Chilling Adventures of Sabrina #4

Story by
Art by
Robert Hack
Letters by
Jack Morelli
Cover by
Archie Comics

"The Chilling Adventures of Sabrina" takes its darkest turn yet in issue #4. Heavy on narration and light on visual pyrotechnics, Roberto Aguirre-Sacasa and Robert Hack's vintage-style approach to horror spooks the reader with slow, serious pacing and chillingly normal scenes of Americana. The wispy pencils and moody captions bring to mind "Misty" and other classic horror titles, a devious little twist on the Archie line's usual nostalgia pull, and the creative team isn't afraid to make big plays with the "Sabrina" canon. Altogether, this is a bold re-launch that deserves your attention -- just maybe not late at night.

There is certainly gore and grotesquerie in "Sabrina" #4, but most of the horror comes from a creeping sense of inevitability. Rather than providing introspection or a strong sense of Sabrina's voice, the captions here act as a narrative force. Lines like "Harvey Kinkle is young; he's strong...Tonight, though, it won't matter," "Are you praying yet?" and "the business they'd begun in the woods so long ago was nowhere near over" compel the action forward with a terrible all-knowingness.

That narrative sense of foreboding, somewhat vague and untethered in issue #3, feels visceral and heavy in this one. After Harvey interrupted Sabrina's induction in the last issue, the consequences come quick and heavy, and Aguirre-Sacasa doesn't hold back. Some of the lines are admittedly a touch campy, but the pacing is so sharp that "Sabrina" never loses its weight. If there's a bit of winking to the narration, the powerlessness of the characters is far more compelling.

Hack's artwork adds to the sense of urgency. Most of the panels look like watercolors over pencil and ink -- a hasty, artsy rendering of New England, as if the artist is rushing to tell the story. Backgrounds are rarely distinct or detailed, and the characters' faces can change in small details from panel to panel. At times, it feels intentional, an effect of Hack's style; at other times, the inconsistencies feel unnecessary or contradictory. For example, the texture of Veronica's hair is radically different from one panel to another.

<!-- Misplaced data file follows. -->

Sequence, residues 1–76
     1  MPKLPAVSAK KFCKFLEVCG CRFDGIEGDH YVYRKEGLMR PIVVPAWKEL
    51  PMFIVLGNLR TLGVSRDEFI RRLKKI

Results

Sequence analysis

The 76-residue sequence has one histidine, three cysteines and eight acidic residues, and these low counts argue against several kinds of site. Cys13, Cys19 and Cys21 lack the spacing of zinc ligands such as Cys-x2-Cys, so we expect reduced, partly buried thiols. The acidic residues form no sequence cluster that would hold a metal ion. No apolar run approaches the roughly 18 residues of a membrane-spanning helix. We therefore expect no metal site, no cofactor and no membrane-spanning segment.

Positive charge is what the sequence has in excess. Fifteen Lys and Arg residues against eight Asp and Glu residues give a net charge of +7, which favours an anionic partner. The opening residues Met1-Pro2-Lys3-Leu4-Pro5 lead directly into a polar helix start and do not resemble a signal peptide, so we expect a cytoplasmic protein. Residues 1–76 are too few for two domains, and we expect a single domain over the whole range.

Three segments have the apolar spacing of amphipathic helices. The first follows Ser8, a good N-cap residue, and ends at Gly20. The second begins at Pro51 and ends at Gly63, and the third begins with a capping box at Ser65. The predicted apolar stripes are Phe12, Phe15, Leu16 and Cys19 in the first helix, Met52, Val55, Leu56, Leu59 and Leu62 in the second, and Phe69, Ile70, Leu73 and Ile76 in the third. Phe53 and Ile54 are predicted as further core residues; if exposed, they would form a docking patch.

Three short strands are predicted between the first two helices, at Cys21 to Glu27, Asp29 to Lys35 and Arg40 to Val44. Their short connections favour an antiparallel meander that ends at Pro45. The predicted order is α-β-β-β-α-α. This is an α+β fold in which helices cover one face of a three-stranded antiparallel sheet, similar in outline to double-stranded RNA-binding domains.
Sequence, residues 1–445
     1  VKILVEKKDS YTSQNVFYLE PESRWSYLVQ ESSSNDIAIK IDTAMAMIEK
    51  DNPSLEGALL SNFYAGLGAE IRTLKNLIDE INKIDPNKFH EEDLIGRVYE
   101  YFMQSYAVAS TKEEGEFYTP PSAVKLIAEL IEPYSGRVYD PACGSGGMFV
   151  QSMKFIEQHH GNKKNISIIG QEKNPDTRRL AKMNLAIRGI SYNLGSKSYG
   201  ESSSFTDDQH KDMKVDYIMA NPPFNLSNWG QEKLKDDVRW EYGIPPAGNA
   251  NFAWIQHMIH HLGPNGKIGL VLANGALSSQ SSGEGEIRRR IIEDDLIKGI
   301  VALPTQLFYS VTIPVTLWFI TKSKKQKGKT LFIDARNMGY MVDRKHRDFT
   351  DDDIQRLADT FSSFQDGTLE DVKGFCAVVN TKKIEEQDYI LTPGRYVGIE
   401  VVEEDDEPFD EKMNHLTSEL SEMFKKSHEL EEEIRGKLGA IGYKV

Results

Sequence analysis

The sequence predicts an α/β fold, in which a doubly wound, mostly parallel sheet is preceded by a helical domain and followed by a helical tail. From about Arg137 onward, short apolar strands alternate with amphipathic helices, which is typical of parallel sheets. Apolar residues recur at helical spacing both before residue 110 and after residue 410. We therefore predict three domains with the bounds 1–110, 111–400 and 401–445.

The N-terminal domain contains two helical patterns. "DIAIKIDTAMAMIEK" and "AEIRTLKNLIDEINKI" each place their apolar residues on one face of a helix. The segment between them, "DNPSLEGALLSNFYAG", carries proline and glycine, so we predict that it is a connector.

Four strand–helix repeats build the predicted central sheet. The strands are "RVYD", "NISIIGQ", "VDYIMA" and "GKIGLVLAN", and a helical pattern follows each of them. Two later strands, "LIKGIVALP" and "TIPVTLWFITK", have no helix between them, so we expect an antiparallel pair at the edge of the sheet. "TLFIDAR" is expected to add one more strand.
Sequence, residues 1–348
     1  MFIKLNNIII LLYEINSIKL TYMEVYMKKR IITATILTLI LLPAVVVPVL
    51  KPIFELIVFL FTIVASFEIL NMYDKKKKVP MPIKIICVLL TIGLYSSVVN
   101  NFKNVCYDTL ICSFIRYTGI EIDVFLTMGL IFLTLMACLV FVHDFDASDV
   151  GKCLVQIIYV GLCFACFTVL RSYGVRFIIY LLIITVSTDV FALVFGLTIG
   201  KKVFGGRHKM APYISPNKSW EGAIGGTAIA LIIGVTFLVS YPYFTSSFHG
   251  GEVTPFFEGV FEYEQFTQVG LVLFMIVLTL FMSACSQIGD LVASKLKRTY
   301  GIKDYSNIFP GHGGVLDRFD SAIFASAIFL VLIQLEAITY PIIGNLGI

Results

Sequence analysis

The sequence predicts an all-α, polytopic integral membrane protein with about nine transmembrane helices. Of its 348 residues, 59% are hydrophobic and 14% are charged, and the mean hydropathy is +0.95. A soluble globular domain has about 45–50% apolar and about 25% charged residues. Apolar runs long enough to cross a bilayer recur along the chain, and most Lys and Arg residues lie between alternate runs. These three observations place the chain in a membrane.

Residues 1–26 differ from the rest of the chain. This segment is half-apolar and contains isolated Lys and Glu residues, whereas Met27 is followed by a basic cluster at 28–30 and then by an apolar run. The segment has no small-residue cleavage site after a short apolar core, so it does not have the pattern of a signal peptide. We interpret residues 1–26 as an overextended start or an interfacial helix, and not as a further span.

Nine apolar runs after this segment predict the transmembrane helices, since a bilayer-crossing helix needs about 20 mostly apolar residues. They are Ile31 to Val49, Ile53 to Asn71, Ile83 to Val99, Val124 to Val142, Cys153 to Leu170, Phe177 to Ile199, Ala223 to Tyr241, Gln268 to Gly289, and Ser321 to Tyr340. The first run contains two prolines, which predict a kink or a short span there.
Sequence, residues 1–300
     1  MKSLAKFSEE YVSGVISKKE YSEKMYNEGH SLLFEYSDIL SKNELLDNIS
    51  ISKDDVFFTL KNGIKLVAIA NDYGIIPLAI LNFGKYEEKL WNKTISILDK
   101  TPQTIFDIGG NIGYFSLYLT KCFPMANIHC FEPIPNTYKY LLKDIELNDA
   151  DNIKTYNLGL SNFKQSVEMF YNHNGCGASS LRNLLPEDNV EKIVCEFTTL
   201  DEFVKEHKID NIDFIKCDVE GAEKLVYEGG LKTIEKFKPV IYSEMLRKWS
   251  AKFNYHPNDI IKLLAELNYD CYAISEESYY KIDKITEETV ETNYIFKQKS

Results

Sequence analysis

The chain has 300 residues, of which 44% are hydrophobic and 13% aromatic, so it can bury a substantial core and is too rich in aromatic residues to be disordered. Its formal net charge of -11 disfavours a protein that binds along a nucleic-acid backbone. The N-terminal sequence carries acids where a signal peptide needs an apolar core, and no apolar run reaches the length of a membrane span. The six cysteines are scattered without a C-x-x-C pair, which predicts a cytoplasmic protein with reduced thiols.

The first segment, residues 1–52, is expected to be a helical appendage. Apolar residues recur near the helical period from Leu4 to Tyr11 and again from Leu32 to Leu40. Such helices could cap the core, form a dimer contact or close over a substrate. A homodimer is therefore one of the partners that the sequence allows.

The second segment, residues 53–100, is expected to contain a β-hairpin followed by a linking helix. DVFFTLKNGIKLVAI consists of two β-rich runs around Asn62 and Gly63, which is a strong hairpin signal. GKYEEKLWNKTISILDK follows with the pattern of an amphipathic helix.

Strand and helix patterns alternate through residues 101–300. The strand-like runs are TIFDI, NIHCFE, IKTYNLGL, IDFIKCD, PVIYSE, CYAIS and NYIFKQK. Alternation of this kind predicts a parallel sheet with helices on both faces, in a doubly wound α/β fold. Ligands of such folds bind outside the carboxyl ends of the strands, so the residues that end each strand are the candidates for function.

As far as coloring, Hack's technique for bloodshed is particularly interesting. Spilled blood is colored with bright, almost glossy globs of red. Without the pencil-on-a-page texture of the rest of the artwork, these shiny splashes of red look unnatural and awful, as if they shouldn't be there. I'll admit I'm conflicted about this effect. On the one hand, it emphasizes the unnaturalness of the murders and sacrifices in the book; on the other, the incongruity almost took me out of the world.

Letterer Jack Morelli takes an issue that's packed with panels and text and manages to make it read like a storybook. Hack's pages are tight and many-paneled and, between the captions and the dialogue, Morelli doesn't have much extra space to play around with. In the first issue, I didn't love the mustard yellow caption boxes but, in this issue's chase through the woods, I came to appreciate how they complemented Hack's other colors while still keeping the text distinct. This is a thematically and aesthetically autumnal comic, and the color of the captions really brings that out.

I never thought I'd be recommending an Archie comic to fans of "Wytches," but "Sabrina" is the next creepy title to put on your list. This is shaping up to be one heck of a horror comic.

Bryan Hitch Drops Sneak Peek of His and Warren Ellis’ Batman’s Grave

More in Comics